As a child, like millions of other kids from peasant stock, I used to happily eat tongue. Then came the ill-fated day somebody told me where it came from. And that was the end of tongue and the start of the Great Age of Squeamishness—a long, unfortunate era of well-done hamburgers and the avoidance of anything obviously animal.
Time spent in Europe as an adult helped correct this defect. I discovered the pleasures of live Irish oysters and raw steak tartare in Paris, and of deep-fried unmentionables in Rome. But a slight terror of unadorned organ meat lingered, and each time I encountered a lamb's heart, menacing like an angry little fist, or a suspiciously stinky andouillette sausage, I recoiled.
Yet such scary delicacies have become hard to avoid lately even here in New York City. Chicken-liver parfait has started popping up everywhere; pigs' trotters have escaped the brasserie, and beef cheeks loom on the most unlikely of menus. Offal, long the most unchic of entrees, is suddenly cool. So early this fall I resolved to investigate the trend—and see if I could overcome my vestigial squeamishness in the process.
Determining how exactly offal—an archaic English word for those bits of meat that "fall off" the animal during butchering, now used to refer to all entrails, organs, and extremities (tails, feet, and head)—became so popular again proved tricky; the chefs most responsible are surprisingly coy about their motives. Fergus Henderson, the godfather of "nose-to-tail eating," first started serving "variety meats" like brawn (headcheese) and pig's ear salad when he opened his London restaurant, St. John, in 1994. "It's just being polite to the animal," he told me. "Knock it on the head; use it all."
But the challenge was clearly part of the appeal. "Using the whole thing—well, the possibilities that arise when you go beyond usual cuts of meat are fantastic," says Ferguson. Mario Batali, who has made offal a mainstay of his New York restaurant Babbo since it opened in 1998, says he was just following his palate. But it's clear that he too enjoyed the difficulty. While he insists, somewhat disingenuously, that "it's no harder to cook these things than other cuts of meat," he admits that "anyone can put a steak on the grill; this was a bit of a provocation."
Whatever their inspiration, he and Henderson began a crusade that a generation of younger chefs and butchers (the food world's latest celebrities) have taken up with sometimes alarming zeal. Their enthusiasm can be explained by the confluence of several trends, I think. First came the mid-'90s vogue for macho eating that brought steak and martinis back into the limelight, and then, thanks to celebrity omnivores like Anthony Bourdain, morphed into extreme dining (Google "stylish placenta feast," if you dare). Soon Slow Food, with its emphasis on ultratraditional cookery, migrated from Europe to America. Then came the more recent cultural interest in sustainable food practices, which also argue in favor of eating the entire beast. And then came the craving for tradition and authenticity. Eating organs is the ultimate expression of all these vogues; what could be more adventurous and responsible and traditional and manly? As Jessica Applestone of Fleisher's Grass-Fed and Organic Meats, a sustainable butcher shop in New York's Hudson Valley, puts it, offal is "kind of sexy. It's earthy, back to basics. There's blood and guts involved—literally."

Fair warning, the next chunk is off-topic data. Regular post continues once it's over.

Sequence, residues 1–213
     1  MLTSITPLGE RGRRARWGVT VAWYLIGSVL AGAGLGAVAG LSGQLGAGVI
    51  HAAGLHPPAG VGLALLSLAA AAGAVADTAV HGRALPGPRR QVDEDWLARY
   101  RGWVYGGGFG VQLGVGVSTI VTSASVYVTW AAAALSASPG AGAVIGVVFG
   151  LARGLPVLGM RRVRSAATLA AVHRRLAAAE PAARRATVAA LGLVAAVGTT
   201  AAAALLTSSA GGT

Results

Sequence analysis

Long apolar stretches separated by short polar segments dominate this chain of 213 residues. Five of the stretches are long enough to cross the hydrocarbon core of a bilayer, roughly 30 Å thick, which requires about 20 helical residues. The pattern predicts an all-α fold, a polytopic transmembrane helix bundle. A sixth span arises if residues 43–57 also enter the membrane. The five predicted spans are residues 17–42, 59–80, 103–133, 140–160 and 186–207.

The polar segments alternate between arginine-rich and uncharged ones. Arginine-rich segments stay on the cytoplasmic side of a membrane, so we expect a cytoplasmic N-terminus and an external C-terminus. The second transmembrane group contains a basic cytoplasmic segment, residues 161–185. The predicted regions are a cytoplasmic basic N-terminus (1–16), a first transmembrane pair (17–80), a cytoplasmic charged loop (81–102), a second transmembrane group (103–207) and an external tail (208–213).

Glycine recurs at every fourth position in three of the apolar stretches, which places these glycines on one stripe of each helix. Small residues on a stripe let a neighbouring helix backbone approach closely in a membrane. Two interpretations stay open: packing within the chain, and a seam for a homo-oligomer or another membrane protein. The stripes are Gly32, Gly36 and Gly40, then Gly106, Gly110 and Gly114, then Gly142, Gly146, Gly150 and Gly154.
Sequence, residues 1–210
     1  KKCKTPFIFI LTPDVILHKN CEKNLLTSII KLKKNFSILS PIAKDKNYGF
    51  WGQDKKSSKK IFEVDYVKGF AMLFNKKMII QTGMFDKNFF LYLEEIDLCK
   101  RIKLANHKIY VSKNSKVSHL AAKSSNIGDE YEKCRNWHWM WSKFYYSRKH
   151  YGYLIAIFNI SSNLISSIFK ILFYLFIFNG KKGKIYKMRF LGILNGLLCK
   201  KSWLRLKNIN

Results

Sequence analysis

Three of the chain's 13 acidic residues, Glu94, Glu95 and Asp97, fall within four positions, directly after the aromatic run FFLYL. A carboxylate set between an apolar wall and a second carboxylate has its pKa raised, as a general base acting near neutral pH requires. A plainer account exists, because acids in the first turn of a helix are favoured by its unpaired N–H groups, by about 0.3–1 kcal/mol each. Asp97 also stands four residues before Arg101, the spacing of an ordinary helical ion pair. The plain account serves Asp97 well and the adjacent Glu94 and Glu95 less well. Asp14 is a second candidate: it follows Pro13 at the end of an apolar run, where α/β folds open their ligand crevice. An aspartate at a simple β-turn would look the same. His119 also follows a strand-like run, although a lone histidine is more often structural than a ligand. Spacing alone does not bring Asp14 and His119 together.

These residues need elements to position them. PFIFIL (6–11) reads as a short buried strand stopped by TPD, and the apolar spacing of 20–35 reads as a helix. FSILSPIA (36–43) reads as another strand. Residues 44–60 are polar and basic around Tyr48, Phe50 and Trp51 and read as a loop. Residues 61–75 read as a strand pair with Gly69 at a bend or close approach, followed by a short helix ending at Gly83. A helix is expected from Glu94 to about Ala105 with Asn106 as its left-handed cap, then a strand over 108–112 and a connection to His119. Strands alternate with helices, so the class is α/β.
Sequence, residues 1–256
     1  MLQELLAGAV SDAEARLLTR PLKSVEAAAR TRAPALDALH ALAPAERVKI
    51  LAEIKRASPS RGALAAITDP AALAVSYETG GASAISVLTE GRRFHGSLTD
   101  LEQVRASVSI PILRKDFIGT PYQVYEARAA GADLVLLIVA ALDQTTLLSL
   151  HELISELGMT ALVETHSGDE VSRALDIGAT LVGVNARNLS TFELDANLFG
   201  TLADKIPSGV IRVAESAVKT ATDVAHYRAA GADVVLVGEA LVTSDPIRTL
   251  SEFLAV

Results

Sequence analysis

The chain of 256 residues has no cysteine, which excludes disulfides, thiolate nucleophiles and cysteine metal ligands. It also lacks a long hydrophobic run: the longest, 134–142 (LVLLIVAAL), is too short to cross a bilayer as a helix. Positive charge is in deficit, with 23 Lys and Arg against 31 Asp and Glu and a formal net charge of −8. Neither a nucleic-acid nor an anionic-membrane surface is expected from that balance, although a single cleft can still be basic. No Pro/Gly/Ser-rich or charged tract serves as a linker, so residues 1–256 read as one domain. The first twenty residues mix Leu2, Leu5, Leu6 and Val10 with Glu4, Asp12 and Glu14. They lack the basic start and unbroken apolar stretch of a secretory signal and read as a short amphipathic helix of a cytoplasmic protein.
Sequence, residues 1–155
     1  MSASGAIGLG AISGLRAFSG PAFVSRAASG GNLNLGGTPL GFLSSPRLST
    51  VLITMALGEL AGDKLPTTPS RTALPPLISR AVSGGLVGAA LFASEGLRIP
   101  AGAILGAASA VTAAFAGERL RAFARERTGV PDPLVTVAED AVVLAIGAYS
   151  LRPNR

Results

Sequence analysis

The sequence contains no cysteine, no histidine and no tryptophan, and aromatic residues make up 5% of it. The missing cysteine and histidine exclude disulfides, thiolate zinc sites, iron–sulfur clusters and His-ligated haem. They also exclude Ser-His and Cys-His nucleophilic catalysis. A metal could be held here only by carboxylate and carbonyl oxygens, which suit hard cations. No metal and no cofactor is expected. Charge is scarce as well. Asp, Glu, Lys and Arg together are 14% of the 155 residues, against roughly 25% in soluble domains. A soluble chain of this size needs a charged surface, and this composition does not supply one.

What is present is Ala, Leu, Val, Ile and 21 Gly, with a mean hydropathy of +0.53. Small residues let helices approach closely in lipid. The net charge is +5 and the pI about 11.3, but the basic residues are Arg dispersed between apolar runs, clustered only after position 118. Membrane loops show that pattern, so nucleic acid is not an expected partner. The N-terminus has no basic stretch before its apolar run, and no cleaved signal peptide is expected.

So much for the theory. How do the kishkes (as my grandmother would've called them) taste—and can they be consumed by the, er, faint of heart? I started my immersion at Batali's Babbo, where, about a month ago, I sat down with a friend and ordered all the most frightening things on the menu. This included pig's foot Milanese, warm tripe alla parmigiana, testa (a different type of headcheese) with pickled pears, stuffed lamb's brain pasta, and yes, tongue.
An interesting thing happens when you look down at your plate and find a truly terrifying dish staring back at you. Your skin starts to tingle and you get tunnel vision—all you can see is the food. Every other worry—death, taxes, the state of journalism—vanishes from your mind. Then you make your peace with the Almighty and take a bite. And two more things occur in quick succession. First, you likely discover that whatever you're eating, despite its odd texture or offputting appearance, hasn't killed you. In fact, it is strangely delicious. For as Batali points out, "people wouldn't eat these things if they didn't taste good." Or, as Ferguson says, offal is "unctuous, sticky, rich, and meaty." To which I'd add: funky, gamey, slightly rude—and utterly arresting.
The second thing that happens, if you're like me, at least, is you find yourself craving more, and in less prettified presentations. This led me on a quest to St. Andrew's, one of Manhattan's only Scottish restaurants, for haggis (sheep's intestine stuffed with oats, hearts, liver, and kidneys). And then to Flushing, in Queens, N.Y., and a tiny, dimly lit Sichuan restaurant called Little Pepper.
There, over beef tendons in spicy sauce (crunchy, like pickled cabbage) and ox stomach sautéed in pig's blood, I had my second set of revelations. First, it's incredibly liberating to know that you can eat virtually anything, and while I may not order the ox stomach again, I'd happily eat much of the rest. As I paid the bill, the other big reason for offal's current appeal—and the reason it's likely to outlast other trends—hit me. This stuff is cheap, really cheap (at least in Chinatown and at butcher shops, if not at Babbo). Not for nothing was it once known as "umble"—hence the expression "humble pie." That's the reason that many of our parents, or their parents, grew up eating and loving organ meat. And it's the reason our kids are likely to as well—at least till we tell them where it came from.